It happens too often: I sit down for the first time with a client who has spent thousands of dollars marketing their brand name only to find that the brand they’ve fallen in love with, and spent countless hours developing and marketing towards their customers, is an Unavailable Trademark. The terrifying legal solutions they are faced with is to either (1) continue to use their brand name with the risk of an infringement suit from someone who was using it first, or (2) start over with an entirely new, trademark that is available. Here are some of the most common questions I receive regarding trademarks:
Okay, let’s play this out: The company you contact agrees to license the name to you, and you pay them a monthly or annual fee. This would mean that (1) you would need to hire an attorney to write the agreement, or effectively pay the company to hire an attorney-drafter who is paid for from your licensing fees, (2) the agreement would, by default, recognize their business as the true original owner of the trademark, meaning that (3) at any time, they could effectively force your company to pay exorbitant licensing fees for your use of their trademark, with the threat of a lawsuit if you refuse to pay, and of course (4) you would have to pay the regular fees they charge you regardless.
Yes, it is certainly possible that the owners are kind-hearted individuals and will choose not to charge you much, if anything, to use their mark. They also may not ever sue you for infringement, but what about 10 years down the road when they sell their business and the new buyer wants to maximize the value of his newly purchased trademark? The buyer has no loyalty to you or your company but has all the incentive to take you to court for infringement and sue for profits.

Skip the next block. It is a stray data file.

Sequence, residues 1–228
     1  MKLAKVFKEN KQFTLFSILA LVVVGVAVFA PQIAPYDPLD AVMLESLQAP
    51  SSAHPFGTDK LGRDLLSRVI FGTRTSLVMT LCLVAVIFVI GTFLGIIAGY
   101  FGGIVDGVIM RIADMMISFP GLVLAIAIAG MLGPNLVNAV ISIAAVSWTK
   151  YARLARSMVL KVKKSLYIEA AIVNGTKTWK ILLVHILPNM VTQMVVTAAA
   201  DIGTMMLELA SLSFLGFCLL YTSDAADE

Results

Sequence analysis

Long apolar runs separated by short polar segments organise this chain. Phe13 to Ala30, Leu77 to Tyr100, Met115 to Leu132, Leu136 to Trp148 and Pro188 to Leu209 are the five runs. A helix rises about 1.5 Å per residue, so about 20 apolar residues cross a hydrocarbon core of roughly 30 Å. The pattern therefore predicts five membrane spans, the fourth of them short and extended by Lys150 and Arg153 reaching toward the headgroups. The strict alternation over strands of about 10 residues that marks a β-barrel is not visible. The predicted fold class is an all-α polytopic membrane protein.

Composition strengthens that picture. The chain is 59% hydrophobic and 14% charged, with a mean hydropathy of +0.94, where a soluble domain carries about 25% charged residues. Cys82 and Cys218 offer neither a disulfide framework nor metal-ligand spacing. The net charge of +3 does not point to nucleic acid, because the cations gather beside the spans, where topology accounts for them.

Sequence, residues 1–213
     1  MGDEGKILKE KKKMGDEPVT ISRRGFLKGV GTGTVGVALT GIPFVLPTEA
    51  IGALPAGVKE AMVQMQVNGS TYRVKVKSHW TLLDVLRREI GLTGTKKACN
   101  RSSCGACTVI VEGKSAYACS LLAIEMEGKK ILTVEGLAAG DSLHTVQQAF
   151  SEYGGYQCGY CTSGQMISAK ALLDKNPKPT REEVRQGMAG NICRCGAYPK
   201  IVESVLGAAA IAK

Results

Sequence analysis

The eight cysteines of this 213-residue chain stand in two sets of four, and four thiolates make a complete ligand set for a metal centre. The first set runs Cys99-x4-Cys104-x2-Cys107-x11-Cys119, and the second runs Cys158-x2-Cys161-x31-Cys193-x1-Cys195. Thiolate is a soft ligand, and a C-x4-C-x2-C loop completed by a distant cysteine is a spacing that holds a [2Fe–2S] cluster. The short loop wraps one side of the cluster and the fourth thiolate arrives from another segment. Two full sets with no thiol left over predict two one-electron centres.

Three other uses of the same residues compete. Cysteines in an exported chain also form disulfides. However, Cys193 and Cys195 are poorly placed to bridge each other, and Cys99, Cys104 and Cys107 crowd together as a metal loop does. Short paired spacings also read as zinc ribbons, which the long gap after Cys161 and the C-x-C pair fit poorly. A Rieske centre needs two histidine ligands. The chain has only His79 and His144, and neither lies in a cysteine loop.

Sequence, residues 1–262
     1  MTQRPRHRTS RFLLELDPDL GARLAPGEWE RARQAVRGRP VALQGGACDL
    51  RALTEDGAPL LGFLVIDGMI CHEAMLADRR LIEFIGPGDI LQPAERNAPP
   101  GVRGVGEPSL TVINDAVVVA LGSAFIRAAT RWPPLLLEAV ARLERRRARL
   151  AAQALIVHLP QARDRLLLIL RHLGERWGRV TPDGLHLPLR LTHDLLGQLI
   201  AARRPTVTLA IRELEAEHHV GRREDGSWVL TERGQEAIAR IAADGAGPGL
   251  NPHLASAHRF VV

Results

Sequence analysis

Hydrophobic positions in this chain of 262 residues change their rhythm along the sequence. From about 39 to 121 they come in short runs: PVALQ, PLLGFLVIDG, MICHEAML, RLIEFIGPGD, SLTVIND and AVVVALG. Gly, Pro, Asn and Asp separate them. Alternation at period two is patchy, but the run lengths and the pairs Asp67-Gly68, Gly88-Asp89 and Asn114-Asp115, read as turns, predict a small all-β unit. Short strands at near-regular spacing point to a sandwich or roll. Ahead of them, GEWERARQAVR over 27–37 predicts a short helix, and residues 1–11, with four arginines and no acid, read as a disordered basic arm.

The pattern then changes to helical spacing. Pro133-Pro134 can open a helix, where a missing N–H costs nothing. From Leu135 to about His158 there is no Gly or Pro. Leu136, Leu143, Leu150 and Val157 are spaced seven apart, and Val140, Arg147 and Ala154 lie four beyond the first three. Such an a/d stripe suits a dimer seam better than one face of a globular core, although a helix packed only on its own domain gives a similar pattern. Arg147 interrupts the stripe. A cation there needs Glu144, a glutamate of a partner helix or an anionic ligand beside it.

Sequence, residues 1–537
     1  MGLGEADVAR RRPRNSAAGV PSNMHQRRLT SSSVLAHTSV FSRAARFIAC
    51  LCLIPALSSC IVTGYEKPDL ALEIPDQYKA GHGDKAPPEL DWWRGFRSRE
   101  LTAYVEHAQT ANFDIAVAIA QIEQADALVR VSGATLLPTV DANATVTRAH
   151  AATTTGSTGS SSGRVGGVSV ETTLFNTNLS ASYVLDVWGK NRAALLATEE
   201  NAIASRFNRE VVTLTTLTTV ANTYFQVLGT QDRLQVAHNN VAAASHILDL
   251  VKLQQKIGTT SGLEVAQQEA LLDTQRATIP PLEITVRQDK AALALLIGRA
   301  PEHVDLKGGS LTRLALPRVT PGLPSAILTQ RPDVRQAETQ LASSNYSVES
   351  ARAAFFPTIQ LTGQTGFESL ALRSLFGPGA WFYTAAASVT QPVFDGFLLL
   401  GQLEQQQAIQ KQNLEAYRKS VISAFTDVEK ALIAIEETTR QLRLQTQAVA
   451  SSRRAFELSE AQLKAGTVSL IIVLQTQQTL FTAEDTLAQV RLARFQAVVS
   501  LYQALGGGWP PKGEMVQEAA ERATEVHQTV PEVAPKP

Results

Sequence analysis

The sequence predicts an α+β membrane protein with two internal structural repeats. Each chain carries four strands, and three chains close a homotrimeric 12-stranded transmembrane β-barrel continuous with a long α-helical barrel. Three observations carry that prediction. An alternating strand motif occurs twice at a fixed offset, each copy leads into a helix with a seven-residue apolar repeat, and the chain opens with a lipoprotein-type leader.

I understand that it’s a great name. If it weren’t, you would not have put so much marketing dollars behind it. However, looking to acquire the rights to use a mark from a competitor from the start is a bit like tying your hand behind your back before a boxing match. You may be successful enough to overcome the handicap, but if you’re just starting your business, changing brand names or logos is relatively cost-less.
Trademarks need to be unique. Great trademarks are either words that are not commonly associated with the goods/services being sold (such as “Apple” for computer products or “Fender” for guitars) or such a unique name or word that no one will mistake it for something else (think “Nike” or “Gibson” musical instruments).
Getting a good trademark together can require a lot of work on the front end, but once you have your brand in place you can put marketing dollars behind it without the risk of losing your mark to another business that was using the same mark before you.
You are going to spend marketing dollars pushing to support your brand name regardless of whether it is a good trademark (one that you can register with the USPTO) or not, so why not spend that money on something that you can register and keep without being concerned about infringement?